I mean, Mike Rogers and John Aravosis TOLD us that HRC staffers were helping with their smear campaigns -- over two years ago.
Both Aravosis and Rogers said they continue to collect information from their network of sources, which include employees of the Human Rights Campaign and Log Cabin Republicans, and plan on outing more staffers and members.
Furthermore, as I've pointed out previously, Joe Solmonese, the current head of HRC, seems to have a charmed existence when it comes to the smear activists, who improbably left a gay man who not only steered hundreds of thousands of dollars to an FMA supporter, but defended her, completely unscathed.
In my opinion, the question was never if HRC was supporting Rogers and Aravosis -- but when, how often, and how much.
Hence, our newest feature -- the Kernel of Happiness.
As these little nuggets of gold wash ashore, drift downstream, or fall from the sky, we will publish them here -- to show the world how pleasant, tolerant, and wonderful those who would have us join them in the name of "gay rights" can be.
And we'll get things started right away with this little chunk of heaven directed at GayPatriotWest:
B. Daniel Blatt
You sound just like the Judenrat of the 1930’s.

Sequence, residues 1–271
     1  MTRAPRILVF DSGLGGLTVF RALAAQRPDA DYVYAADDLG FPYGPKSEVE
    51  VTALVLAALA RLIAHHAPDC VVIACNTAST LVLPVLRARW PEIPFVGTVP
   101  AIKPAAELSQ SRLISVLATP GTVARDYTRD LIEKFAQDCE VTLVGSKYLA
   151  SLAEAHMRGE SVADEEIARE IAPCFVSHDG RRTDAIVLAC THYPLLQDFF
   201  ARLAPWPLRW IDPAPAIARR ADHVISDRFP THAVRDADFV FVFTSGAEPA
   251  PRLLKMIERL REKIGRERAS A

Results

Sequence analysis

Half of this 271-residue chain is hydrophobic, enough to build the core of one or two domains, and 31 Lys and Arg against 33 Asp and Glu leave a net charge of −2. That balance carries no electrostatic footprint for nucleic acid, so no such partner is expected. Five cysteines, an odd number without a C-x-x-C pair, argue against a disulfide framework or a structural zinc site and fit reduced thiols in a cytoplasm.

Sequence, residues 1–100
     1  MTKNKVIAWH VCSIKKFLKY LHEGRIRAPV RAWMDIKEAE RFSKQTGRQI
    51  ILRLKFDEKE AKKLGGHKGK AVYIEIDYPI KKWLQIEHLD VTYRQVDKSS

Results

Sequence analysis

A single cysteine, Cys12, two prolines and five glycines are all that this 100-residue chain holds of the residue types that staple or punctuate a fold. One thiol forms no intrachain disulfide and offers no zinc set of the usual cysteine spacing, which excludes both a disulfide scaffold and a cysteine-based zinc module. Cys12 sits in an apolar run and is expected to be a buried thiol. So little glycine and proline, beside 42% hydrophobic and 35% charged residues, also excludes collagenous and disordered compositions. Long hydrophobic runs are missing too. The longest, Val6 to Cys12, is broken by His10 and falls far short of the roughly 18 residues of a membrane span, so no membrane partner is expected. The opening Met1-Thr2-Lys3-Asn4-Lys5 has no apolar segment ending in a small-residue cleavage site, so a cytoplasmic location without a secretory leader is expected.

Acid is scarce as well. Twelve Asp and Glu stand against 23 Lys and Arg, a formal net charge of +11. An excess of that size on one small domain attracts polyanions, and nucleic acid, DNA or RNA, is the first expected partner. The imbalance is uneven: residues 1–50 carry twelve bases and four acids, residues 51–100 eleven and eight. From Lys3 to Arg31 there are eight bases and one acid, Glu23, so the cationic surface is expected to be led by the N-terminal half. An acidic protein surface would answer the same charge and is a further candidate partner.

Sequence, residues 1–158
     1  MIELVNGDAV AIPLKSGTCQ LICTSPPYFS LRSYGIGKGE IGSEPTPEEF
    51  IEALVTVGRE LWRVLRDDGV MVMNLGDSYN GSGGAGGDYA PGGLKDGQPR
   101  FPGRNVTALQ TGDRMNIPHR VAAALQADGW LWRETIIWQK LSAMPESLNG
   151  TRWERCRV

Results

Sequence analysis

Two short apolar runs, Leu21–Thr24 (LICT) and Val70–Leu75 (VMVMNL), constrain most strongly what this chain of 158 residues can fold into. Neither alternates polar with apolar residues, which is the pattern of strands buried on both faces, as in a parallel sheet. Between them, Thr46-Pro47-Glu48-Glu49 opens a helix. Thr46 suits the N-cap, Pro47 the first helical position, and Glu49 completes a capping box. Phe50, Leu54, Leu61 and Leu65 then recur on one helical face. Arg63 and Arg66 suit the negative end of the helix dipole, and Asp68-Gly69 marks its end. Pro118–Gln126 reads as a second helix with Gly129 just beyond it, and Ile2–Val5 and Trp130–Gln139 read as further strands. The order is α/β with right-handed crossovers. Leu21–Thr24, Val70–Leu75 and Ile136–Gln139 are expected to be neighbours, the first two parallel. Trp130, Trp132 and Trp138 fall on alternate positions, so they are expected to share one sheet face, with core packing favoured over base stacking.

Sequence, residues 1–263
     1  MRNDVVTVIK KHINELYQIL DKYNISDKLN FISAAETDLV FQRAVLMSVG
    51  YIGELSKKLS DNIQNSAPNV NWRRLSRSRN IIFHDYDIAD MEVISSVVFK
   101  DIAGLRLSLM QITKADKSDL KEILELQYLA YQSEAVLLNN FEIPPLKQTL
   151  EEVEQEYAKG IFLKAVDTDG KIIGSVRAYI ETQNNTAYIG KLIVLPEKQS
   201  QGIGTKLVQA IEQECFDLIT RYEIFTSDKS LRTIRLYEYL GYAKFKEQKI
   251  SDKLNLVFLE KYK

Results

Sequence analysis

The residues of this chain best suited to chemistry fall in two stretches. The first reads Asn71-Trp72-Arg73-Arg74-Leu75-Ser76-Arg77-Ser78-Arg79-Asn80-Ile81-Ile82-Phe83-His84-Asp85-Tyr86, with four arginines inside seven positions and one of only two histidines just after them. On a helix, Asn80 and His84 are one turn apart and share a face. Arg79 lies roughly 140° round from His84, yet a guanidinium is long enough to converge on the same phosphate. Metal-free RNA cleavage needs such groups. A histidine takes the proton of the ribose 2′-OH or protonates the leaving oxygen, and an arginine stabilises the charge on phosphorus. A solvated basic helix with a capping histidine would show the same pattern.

A gay Republican is as oxymoronic as an African-American Klansman.
Ah, there's nothing like the "Jewish Nazi" comparison to warm the heart, especially of GayPatriotWest, who is Jewish. Don't you think so?
Tune in next time for more ooey-gooey goodness!
Thursday, October 19, 2006
But you have to admit, there is nothing like watching Democrats scream foul over that which they delight in visiting on others.
Wednesday, October 18, 2006
However, when Mary Cheney, a prominent gay Republican and the daughter of Vice President Cheney gives money and support to an organization working to stop Virginia's anti-gay constitutional amendment from passing, the responses of liberal and Democratic gays are rather entertaining.
The ones where they tell her to commit suicide (and offer their help) are particularly interesting -- and the ones where they sanctimoniously whine about her working with candidates and parties who pander to religious wingnuts and support stripping gays of rights add even more emphasis.
All in all, it is abundantly clear from these comments that Mary Cheney will not be accepted regardless of what she does -- and that gay leftists and Democrats would shed no tears if she disappeared or was killed off, by her hand or theirs.
What makes this particularly ironic is the regularity with which individuals like Pam Spaulding and John Aravosis pontificate how stupid and wasteful it is for gays to work with conservatives and Republicans -- who, they allege, will not accept gays regardless of what we do and who would shed no tears if we disappeared or were killed off, by our hands or theirs.
Perhaps they don't realize that, given the choice, we prefer the alleged examples over the clear examples.
Update (31 October): It seems I've just been linked by a commentor from Pam's House Blend, in regards to a post where Pam asks all those "professionally closeted homos in the GOP" how it feels to be "used all over again".
Of course, given her last election endorsement, what exactly does she define as "used"?